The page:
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Science foi the

Cuiious Photogiaphei
An Introduction to the Science of Photography
Johnson.indb i 3/18/2010 9:38:58 AM
Science foi the
Cuiious Photogiaphei
An Introduction to the Science of Photography
a k peters, ltd.
natick, massachusetts
Charles S. Johnson, Jr.
Johnson.indb iii 3/18/2010 9:39:00 AM
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Editorial, Sales, and Customer Service O ce
A K Peteis, Ltd.
5 Commonwealth Road
Natick, MA 01760
www.akpeteis.com
Copyiight 2010 by Chailes S. Johnson, Ji.
All iights ieseived. No pait of the mateiial piotected by this copyiight notice may be iepioduced oi utilized
in any foim, electionic oi mechanical, including photocopying, iecoiding, oi by any infoimation stoiage and
ietiieval system, without wiitten peimission fiom the copyiight ownei.
Te following pioducts and tiademaiks aie used thioughout the book: AT&T Bell Labs, B+W, Canon, Cibach-
iome, Ciga-Geigy Coip., CoCam?, Cokin, ColoiMunki, CombineZM (fieewaie), Dynamic-Photo HDR, East-
man Kodak, Kenko, Kodak, Kodachiome, Epson, Faiichild Semiconductoi, Focus Magic, FocalBlade, Foveon,
Fujichiome Piovia, Fujilm, Helicon Focus, Heliopan, Hoya, Ilfochiome, Intel, Kiik, Life Pixel, Leica, MaxMax,
Manfiotto, Nikon, Olympus, Photokit Shaipenei, Photomatix, PhotoPio RGB, Photoshop, Polaioid Coip., Rol-
leicoid, Schott, Schneidei-Kieuznach, Sigma, Sony, Spypei3, Tamion, Texas Instiuments, Ti n, Wiatten, and
Zeiss.
Library of Congress Cataloging-in-Publication Data
Johnson, Chailes S. (Chailes Sidney), 1936
Science foi the cuiious photogiaphei : an intioduction to the science of photogiaphy i Chailes S. Johnson, Ji.
p. cm.
Includes bibliogiaphical iefeiences and index.
ISBN 978-1-56881-581-7 (alk. papei)
1. Photogiaphy. I. Title.
TR146.J556 2010
770dc22
2009047521
Piinted in India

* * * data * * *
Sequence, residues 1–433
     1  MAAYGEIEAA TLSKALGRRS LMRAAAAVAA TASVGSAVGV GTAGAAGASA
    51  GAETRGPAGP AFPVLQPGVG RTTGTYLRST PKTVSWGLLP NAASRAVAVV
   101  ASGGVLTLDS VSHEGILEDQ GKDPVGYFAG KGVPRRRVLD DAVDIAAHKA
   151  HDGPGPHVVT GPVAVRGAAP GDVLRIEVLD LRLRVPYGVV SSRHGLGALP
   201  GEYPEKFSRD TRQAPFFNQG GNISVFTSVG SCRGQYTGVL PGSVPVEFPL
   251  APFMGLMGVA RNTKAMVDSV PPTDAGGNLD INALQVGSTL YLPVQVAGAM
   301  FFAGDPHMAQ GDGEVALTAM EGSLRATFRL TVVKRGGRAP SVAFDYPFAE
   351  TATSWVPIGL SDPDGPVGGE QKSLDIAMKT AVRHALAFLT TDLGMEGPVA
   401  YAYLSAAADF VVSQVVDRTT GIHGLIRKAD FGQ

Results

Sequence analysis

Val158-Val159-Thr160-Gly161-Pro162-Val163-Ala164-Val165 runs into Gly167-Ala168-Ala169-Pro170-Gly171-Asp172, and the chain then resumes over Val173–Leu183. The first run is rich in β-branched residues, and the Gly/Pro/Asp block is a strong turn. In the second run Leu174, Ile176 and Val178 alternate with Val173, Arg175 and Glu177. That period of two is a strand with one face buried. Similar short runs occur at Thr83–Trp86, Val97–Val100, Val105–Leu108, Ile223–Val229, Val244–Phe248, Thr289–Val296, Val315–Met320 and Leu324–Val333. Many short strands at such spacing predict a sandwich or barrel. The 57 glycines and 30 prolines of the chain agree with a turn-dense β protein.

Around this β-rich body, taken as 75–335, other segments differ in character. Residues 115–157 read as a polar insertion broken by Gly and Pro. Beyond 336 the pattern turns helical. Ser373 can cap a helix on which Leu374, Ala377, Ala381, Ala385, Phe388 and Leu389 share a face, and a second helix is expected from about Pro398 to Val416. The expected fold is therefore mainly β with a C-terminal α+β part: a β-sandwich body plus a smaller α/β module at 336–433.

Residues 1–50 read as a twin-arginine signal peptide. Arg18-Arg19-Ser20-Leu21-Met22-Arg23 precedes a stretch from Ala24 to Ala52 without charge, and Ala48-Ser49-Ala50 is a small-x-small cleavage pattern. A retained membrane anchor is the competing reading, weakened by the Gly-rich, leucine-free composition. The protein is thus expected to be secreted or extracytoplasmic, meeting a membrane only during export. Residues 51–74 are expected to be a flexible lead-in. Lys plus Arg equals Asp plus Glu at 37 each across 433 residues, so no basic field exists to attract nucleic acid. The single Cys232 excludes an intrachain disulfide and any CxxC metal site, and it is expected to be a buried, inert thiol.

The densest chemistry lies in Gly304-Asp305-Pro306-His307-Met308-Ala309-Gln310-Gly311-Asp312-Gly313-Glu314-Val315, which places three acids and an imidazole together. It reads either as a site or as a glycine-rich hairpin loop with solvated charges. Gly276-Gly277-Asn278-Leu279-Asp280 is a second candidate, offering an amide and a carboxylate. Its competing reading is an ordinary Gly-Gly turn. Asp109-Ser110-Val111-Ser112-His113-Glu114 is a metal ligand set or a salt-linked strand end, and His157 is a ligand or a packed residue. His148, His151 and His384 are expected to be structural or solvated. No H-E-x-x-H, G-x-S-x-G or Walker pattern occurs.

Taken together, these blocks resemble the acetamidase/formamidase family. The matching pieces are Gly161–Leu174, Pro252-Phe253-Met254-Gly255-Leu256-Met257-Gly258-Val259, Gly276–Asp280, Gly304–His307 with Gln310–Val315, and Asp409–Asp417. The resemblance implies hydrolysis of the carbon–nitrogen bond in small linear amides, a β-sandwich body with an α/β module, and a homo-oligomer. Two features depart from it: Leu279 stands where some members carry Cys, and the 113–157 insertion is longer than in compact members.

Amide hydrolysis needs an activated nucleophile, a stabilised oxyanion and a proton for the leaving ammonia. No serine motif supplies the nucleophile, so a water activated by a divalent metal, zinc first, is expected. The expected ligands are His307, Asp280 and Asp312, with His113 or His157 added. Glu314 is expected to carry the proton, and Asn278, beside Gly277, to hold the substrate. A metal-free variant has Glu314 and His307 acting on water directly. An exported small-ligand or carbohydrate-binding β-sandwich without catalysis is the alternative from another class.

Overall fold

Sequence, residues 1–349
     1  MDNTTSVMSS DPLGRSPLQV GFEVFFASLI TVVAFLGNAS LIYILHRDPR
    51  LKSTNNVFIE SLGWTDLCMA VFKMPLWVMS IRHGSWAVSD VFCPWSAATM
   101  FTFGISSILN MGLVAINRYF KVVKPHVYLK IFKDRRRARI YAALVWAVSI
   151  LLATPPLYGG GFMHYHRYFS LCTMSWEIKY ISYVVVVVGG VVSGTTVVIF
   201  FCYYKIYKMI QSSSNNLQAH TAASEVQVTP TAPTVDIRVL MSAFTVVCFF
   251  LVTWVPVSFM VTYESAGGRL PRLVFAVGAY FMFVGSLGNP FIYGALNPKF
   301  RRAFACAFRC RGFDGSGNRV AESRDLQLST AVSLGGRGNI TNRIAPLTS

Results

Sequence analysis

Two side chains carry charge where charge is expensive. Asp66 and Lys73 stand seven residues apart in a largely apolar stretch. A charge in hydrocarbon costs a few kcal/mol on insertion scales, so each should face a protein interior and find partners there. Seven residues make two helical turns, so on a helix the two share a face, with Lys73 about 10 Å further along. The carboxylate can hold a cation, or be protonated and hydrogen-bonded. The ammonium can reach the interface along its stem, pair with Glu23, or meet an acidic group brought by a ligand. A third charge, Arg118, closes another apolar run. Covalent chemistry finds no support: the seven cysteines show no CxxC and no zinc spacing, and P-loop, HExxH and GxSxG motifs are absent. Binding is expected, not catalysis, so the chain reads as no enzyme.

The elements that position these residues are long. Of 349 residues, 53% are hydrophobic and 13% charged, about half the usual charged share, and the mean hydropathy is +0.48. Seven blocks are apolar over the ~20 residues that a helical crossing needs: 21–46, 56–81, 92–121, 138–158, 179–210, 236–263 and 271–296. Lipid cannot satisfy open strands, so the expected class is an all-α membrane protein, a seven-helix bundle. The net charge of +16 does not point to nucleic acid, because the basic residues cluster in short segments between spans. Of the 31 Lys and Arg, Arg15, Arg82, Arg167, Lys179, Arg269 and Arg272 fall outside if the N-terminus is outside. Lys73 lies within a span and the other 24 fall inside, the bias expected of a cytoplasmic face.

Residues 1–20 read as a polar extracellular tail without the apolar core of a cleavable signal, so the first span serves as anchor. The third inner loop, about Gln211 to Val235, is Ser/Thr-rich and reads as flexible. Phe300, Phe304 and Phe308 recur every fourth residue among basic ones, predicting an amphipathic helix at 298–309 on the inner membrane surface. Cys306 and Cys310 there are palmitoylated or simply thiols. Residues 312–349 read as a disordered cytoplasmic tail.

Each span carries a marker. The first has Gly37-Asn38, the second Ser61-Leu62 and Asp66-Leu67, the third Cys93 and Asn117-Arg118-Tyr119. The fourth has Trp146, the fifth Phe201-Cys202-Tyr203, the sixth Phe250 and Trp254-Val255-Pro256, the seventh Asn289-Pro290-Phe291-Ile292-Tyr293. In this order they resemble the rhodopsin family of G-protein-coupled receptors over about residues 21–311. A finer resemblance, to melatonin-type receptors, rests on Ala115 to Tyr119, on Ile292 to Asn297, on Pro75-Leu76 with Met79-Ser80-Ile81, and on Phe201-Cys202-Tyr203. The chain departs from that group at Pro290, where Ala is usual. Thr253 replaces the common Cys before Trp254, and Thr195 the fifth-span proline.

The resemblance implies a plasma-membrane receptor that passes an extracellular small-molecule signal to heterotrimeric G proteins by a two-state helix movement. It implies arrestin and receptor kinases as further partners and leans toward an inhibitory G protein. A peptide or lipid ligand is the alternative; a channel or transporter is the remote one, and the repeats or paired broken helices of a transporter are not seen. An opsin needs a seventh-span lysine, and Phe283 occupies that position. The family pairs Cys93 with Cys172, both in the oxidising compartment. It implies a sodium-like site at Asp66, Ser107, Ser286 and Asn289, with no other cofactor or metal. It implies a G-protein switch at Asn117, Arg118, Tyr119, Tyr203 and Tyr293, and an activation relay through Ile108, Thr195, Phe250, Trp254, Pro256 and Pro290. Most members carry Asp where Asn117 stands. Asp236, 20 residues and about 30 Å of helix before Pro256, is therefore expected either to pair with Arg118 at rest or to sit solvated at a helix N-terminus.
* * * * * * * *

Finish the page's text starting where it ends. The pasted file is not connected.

14 13 12 11 10 10 9 8 7 6 5 4 3 2 1
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To Ellen, my wife and best friend
Johnson.indb v 3/18/2010 9:39:01 AM
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vii
Pvrrcr ix
cnv:rv 1
What Is Photogiaphy? 1
cnv:rv z
What Is Light? 5
cnv:rv
Te CameiaAn Intioduction 9
cnv:rv
Images: What Is Peispective? 15
cnv:rv
Why Does a Cameia Need a Lens? 19
cnv:rv 6
Elementaiy Optics: How Do Lenses Woik? 23
cnv:rv ;
Te Simple Tin Lens and What It Does 27
cnv:rv 8
How to Make Lenses that Aie Good Enough foi Photogiaphy 31
cnv:rv ,
Coming to Teims with Real Cameia Lenses 41
Table of Contents
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viii
cnv:rv 1o
Fisheye Lenses and How Tey Captuie the Whole Sky 49
cnv:rv 11
What Is an Equivalent Image? 55
cnv:rv 1z
How to Get Veiy High Magnication 63
cnv:rv 1
Do We Need Filteis Anymoie? 77
cnv:rv 1
Te Limits of Human Vision 89
cnv:rv 1
How Can Coloi Be Managed? 95
cnv:rv 16
Image Captuie and Piocessing 113
cnv:rv 1;
What Is Peiceived Image Quality? 125
cnv:rv 18
Te Cieation and Appieciation of Ait in Photogiaphy 137
vvroix
Histoiical Note on Enlaigeis 149
vvroix n
What Is Behind the Rules of Optics? 151
vvroix c
Deiivation of the Lensmakeis Equation 155
vvroix o
Gaussian Optics and the Piincipal Planes 157
vvroix r
A Macio Lens with Attachments 159
vvroix r
Captuiing Photons with Photogiaphic Film 161
vvroix o
Micioelectionics and the Path to Digital Sensois 167
vvroix n
Iiiadiance and Illuminance Units 169
iorx 181
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I ordered a Rolleicord III medium format camera. It
served me well and is still functional.
From the beginning I was fascinated by all